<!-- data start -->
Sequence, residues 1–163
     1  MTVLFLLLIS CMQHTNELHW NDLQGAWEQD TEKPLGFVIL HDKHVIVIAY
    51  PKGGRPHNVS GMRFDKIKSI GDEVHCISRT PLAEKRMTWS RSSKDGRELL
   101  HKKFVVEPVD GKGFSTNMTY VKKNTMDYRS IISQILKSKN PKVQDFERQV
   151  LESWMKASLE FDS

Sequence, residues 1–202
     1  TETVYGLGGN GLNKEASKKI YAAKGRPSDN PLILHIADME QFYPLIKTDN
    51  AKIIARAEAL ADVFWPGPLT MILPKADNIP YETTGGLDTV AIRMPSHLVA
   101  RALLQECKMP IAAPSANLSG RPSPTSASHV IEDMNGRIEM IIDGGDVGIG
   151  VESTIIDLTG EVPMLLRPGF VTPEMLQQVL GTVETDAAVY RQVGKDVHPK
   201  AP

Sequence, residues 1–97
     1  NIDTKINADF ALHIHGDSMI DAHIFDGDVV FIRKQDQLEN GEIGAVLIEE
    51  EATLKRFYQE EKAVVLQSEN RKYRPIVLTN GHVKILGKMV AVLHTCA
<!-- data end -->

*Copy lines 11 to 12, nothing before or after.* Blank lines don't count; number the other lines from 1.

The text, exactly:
   201  AP

Sequence, residues 1–97